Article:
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Public Interest Immunity in a Licensing Case

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Public Interest Immunity in a Licensing Case 10th February 2019

In what is thought to be the first case of its kind, a court has allowed Public Interest Immunity to apply in a licensing case.

Public-interest immunity, previously known as Crown privilege, is a principle of English common law under which the English courts can grant a court order allowing one litigant to refrain from disclosing evidence to the other litigants where disclosure would be damaging to the public interest.

The case in the Crown Court involved an appeal by Rotherham Metropolitan Borough Council against the reinstatement of a taxi licence by a Magistrates’ Court.

Barristers acting for Rotherham persuaded the appellant Crown Court that Public Interest Immunity could apply to licensing hearings and, in the appeal case, that is should.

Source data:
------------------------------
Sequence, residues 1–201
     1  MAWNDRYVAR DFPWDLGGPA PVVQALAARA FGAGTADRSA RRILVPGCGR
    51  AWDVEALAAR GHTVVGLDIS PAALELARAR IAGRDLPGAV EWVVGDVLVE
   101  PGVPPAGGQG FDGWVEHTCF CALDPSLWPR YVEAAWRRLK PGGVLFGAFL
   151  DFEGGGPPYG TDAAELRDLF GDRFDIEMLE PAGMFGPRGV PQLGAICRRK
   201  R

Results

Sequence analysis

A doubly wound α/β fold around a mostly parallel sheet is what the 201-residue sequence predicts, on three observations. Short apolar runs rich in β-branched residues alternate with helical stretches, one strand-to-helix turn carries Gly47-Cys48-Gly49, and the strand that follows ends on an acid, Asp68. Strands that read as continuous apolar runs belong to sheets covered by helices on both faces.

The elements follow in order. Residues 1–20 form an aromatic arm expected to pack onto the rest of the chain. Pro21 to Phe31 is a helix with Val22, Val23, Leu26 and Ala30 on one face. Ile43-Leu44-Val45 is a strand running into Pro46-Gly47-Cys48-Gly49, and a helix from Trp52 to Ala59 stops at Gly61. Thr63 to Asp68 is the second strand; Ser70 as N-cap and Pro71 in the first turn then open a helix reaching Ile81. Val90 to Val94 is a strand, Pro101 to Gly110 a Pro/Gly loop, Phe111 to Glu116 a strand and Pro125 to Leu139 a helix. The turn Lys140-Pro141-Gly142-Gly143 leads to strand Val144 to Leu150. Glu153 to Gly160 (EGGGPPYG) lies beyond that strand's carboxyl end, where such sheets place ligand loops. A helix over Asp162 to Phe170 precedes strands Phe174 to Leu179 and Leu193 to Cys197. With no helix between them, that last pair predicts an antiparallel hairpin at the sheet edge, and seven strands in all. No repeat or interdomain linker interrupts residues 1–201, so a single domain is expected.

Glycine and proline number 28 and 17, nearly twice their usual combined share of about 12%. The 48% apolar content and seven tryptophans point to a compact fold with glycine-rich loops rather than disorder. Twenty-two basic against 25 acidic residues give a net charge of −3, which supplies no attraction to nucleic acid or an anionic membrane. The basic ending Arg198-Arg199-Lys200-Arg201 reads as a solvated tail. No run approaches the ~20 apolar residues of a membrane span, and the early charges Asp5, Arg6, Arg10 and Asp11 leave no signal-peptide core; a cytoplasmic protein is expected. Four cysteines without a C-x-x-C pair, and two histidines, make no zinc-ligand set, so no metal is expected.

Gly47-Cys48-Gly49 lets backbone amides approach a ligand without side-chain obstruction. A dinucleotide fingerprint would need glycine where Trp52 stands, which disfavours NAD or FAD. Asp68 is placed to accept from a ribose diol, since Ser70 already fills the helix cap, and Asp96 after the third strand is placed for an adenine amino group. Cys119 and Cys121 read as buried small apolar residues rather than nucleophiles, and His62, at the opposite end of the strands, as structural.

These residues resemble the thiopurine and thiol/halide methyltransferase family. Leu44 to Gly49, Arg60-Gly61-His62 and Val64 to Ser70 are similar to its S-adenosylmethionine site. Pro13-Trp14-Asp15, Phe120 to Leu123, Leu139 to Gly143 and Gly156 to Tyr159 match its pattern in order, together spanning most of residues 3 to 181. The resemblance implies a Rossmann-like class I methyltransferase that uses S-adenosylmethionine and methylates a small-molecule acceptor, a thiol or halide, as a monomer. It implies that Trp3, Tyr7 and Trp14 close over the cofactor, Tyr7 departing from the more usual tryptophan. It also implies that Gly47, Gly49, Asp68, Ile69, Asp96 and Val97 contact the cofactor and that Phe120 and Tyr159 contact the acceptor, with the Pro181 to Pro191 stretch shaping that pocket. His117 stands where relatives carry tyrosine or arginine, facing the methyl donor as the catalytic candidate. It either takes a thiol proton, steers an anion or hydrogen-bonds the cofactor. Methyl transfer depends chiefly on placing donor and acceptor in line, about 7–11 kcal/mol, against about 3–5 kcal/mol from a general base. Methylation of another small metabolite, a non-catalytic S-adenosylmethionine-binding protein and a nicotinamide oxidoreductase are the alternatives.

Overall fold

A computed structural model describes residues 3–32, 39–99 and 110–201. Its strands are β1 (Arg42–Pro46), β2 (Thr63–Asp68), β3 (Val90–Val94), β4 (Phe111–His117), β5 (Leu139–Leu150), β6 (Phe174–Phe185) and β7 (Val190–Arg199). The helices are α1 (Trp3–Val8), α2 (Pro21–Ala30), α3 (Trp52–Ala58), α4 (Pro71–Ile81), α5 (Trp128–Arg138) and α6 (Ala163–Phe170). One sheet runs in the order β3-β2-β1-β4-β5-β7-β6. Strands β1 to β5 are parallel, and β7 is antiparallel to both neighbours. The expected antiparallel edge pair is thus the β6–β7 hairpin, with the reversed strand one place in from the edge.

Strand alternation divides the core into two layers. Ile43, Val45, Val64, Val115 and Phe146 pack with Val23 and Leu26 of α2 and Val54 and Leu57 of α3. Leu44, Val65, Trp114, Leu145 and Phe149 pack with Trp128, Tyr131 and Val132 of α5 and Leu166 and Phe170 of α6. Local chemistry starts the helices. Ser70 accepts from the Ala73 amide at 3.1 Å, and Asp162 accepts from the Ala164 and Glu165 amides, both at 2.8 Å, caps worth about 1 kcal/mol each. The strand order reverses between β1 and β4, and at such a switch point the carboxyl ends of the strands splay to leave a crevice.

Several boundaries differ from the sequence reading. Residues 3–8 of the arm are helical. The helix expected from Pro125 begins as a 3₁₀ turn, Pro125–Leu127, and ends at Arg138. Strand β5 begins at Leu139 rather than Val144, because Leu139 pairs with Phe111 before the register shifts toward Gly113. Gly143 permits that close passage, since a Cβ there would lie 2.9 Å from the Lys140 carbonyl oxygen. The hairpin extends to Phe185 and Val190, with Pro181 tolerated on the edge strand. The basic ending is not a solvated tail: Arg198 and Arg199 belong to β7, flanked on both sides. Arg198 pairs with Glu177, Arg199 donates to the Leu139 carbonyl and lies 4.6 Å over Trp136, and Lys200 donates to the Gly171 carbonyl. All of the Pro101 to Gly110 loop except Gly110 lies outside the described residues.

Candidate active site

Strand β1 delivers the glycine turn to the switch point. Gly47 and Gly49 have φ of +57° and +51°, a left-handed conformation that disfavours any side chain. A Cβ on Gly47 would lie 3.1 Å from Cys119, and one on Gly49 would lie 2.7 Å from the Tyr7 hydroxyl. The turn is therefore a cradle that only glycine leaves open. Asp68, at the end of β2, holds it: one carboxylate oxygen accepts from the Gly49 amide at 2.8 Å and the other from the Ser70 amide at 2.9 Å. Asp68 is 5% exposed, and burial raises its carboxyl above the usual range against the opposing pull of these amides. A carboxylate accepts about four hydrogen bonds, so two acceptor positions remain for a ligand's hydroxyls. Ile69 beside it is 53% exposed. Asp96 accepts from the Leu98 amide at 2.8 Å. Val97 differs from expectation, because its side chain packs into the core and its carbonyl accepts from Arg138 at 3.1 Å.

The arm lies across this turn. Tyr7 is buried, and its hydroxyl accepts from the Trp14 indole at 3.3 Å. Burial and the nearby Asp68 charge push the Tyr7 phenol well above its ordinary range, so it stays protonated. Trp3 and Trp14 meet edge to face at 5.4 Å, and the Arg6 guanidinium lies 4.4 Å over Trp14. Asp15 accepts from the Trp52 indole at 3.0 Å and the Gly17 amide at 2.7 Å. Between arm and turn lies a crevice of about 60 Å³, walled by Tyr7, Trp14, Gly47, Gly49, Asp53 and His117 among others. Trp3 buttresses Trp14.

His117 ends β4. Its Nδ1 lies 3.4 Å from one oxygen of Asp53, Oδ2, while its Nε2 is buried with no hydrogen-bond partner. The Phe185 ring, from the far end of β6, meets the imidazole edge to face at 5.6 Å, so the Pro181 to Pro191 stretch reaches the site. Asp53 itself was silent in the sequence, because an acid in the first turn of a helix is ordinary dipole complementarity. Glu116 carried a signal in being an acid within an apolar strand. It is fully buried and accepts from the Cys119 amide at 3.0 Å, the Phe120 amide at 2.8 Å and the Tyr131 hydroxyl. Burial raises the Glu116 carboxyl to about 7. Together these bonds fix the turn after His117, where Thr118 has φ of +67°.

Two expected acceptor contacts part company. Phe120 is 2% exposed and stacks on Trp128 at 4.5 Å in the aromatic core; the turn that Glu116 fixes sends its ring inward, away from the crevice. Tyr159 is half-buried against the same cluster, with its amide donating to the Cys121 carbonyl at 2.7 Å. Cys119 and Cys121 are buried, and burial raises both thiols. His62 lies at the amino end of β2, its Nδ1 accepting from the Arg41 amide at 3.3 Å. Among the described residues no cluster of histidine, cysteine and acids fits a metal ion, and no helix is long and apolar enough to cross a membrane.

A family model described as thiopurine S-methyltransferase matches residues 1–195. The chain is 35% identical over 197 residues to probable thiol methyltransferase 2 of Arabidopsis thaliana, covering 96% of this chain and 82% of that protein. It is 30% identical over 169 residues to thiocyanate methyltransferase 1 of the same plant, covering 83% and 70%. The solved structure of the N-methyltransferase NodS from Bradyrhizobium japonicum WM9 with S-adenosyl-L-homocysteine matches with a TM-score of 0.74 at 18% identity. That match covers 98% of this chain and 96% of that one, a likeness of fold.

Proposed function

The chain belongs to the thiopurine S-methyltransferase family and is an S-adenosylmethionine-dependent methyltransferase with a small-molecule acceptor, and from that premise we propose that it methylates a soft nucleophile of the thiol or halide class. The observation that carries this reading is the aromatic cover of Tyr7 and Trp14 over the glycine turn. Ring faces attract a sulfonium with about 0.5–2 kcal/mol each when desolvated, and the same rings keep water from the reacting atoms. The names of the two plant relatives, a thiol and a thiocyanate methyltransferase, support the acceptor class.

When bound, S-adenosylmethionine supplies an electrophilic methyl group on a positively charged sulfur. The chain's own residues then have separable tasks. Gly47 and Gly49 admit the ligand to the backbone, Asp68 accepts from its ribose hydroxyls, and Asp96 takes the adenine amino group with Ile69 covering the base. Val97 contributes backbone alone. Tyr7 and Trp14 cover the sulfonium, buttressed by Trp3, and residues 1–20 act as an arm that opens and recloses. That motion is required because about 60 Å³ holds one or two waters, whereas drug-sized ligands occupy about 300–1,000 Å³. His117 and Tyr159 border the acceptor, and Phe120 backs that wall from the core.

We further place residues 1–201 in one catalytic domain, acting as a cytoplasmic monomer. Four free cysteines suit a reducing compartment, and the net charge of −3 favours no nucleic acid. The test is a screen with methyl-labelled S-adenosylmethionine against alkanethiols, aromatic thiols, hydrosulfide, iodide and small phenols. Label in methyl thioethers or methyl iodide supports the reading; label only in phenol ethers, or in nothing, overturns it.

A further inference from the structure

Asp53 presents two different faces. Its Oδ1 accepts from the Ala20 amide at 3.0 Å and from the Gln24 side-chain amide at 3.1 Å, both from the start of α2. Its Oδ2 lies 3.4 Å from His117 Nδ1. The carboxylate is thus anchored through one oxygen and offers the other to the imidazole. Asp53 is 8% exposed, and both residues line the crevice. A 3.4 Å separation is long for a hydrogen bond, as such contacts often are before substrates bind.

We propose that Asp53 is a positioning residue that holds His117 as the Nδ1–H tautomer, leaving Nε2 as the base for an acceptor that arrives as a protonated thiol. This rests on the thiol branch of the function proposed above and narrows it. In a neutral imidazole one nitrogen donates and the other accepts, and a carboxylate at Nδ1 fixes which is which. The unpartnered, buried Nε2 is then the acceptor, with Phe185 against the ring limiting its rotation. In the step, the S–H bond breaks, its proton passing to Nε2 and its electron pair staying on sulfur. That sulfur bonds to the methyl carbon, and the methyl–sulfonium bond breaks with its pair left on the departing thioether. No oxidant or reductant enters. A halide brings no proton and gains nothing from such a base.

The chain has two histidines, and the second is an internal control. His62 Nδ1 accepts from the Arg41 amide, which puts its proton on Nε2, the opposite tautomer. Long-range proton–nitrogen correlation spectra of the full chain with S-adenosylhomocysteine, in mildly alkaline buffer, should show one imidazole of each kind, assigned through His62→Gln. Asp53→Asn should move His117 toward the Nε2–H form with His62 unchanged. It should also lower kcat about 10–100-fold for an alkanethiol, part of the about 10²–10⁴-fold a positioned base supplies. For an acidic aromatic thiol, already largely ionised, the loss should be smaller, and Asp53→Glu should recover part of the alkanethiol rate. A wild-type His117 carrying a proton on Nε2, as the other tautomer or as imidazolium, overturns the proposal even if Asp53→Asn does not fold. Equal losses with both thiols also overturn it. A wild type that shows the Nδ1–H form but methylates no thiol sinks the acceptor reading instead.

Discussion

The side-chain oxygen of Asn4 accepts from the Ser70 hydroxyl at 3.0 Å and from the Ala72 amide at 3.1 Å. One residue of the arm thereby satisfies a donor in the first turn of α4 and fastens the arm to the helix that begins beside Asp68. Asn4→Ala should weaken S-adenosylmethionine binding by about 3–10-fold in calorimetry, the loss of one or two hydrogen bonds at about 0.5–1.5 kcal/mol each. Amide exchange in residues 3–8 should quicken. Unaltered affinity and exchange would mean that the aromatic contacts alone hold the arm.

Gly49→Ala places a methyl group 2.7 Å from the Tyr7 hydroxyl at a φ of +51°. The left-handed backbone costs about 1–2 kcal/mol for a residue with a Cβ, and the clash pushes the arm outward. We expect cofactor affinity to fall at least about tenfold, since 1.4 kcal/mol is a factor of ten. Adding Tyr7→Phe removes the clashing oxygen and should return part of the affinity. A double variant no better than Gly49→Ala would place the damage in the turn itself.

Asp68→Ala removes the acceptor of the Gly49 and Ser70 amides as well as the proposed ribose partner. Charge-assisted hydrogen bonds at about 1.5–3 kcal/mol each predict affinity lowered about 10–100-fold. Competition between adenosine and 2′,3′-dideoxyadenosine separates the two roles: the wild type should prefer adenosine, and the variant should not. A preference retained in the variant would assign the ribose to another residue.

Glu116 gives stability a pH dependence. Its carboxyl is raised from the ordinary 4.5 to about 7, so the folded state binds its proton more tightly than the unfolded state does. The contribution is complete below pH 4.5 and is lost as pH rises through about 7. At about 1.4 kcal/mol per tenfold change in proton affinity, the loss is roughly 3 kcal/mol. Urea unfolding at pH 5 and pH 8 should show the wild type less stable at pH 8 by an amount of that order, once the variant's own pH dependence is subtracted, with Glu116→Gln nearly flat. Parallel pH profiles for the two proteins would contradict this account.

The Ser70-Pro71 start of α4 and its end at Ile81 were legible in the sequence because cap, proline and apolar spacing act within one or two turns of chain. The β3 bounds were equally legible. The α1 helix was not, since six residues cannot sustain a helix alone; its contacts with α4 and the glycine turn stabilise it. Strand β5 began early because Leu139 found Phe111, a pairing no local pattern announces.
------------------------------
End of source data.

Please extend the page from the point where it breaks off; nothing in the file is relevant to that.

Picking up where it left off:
In delivering judgment in the Crown Court, the Recorder of Sheffield accepted these arguments. In his open judgment he identified three questions that the court had to consider:

  • Can PII be claimed in this form of appellate proceedings in the Crown Court in a licensing appeal?
  • If so, what are the principles that govern the decision?
  • Having applied those principles, is it right to grant PII to the material which has been made available to us?

His Honour Judge Jeremy Richardson QC ruled in favour of the Rotherham Metropolitan Borough Council’s argument.  He set out is some details the principles that govern the decision and the principles that are to apply when considering PII in licensing cases.

Whilst the case is not binding, it will be of interest to taxi and private hire licensing practitioners.

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